Bronze Age Greek Warrior 1600–1100 BC by Raffaele D'Amato

By Raffaele D'Amato

Osprey's survey of Greek warriors of the interval of the Bronze Age from 1600 to 1100 BC. greater than a century has handed prior seeing that German archeologist Heinrich Schliemann came across the treasures of Bronze Age Mycenae. The richly adorned artifacts of the entombed warriors, whose our bodies nonetheless lay of their graves, proven that Homer's epic The Iliad was once dependent upon precise occasions, and that the Achaeans defined in his poems most likely did exist.

Through a mixed research of the legendary culture, archeological findings, and written assets, this interesting addition to the Warrior sequence explores the evolution of battle within the Bronze Age Greek international. overlaying weaponry, garments, helmets, and physique armor, it offers a richly illustrated consultant to the soldiers who've shone from the pages of Homer's poem for nearly 3 millennia.

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The high neck guard on this armour is an especially interesting feature in light of the fact that the 'favourite' killing stroke with the longer Type C and D swords depicted in the iconographic record is precisely to this area of the body. Of course this does not imply that armour was designed specifically for this purpose, but it certainly functioned to limit the range of attacks to which the long Achaean swords were suited in a battlefield context. Possible evidence that the armour was used when fighting on foot is the presence of a metal ring, measuring 12mm in diameter, attached to the middle of the right shoulder guard at its highest point, probably to hold the strap for either a sword or a shield.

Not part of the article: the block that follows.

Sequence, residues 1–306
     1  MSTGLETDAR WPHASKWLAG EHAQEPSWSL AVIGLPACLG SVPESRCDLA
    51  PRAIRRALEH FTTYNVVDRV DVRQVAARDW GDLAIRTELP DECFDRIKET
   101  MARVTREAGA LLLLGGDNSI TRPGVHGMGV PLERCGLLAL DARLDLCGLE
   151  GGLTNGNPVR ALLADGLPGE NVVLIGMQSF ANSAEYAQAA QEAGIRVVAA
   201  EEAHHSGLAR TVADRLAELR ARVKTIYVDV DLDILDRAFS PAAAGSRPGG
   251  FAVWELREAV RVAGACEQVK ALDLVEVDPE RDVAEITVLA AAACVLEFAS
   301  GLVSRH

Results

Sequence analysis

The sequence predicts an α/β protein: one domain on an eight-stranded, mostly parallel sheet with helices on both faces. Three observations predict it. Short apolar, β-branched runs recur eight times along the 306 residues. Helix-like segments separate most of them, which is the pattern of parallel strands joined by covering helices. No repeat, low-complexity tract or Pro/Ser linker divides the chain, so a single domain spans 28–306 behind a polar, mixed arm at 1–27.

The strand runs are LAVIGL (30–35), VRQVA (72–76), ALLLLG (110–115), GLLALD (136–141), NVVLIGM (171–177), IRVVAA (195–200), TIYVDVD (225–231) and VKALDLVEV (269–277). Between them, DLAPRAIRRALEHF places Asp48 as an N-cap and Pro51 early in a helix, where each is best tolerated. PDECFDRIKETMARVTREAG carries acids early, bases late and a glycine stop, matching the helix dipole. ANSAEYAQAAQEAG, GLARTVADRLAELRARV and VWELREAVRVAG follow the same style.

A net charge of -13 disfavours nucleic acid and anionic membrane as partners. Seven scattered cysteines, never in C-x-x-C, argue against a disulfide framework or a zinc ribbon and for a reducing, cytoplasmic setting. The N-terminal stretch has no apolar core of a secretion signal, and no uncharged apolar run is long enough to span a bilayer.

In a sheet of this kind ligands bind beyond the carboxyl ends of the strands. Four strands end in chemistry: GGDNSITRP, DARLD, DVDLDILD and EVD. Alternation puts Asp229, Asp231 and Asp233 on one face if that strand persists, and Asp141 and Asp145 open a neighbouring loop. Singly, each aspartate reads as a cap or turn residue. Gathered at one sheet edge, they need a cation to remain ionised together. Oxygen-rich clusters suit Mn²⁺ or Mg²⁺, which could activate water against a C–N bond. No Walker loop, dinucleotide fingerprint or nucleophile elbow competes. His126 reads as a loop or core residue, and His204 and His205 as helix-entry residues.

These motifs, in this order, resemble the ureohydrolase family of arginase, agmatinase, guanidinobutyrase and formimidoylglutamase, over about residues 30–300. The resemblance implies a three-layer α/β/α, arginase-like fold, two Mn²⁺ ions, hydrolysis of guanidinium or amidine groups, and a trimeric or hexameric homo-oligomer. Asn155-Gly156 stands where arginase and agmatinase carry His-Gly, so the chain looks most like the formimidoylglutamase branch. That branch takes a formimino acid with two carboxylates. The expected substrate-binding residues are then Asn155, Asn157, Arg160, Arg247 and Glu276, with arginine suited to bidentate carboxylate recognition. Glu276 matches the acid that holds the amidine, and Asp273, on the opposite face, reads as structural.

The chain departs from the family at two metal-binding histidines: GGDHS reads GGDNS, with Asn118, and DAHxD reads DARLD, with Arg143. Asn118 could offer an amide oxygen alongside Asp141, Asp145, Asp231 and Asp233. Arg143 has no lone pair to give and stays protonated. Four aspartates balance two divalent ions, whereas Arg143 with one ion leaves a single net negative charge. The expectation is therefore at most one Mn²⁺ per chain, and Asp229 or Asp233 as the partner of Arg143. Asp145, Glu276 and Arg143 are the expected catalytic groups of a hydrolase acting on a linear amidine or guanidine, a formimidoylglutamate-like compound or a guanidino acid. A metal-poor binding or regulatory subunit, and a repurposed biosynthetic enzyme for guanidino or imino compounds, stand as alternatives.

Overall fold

The examples of swords, scabbards and daggers are from Mycenae, Knossos, Dendra and Argos. Note the two cutaway images of typical tower and figure-of-eight shields. These types of shield were most likely made of several layers of hide, probably placed on a wicker structure; bronze, tin or wood reinforcements could have been also placed on their external surface. Under the warrior are three different specimens of bronze spears, one each from Mycenae, Crete and Vaphio in Laconia. In the lower-right corner is an exploded view of the warrior's armour, with the alternative shoulder guard found in Tomb 8 at Dendra.

A similar piece of armour seems to be represented in the Hittite clay fragment from Bogazkoy (1350 bc). In this image the warrior is armed with a sword with a crystal pommel and is equipped with a decorated and embossed breastplate, the latter of which recalls those found in the royal shaft graves in Mycenae. In these graves a thick piece of cloth made of 14 layers of linen has been found; it is probably the remains of a protective non-metallic corselet or kiton. The utilization of a non-metallic corselet is also described in the Iliad.

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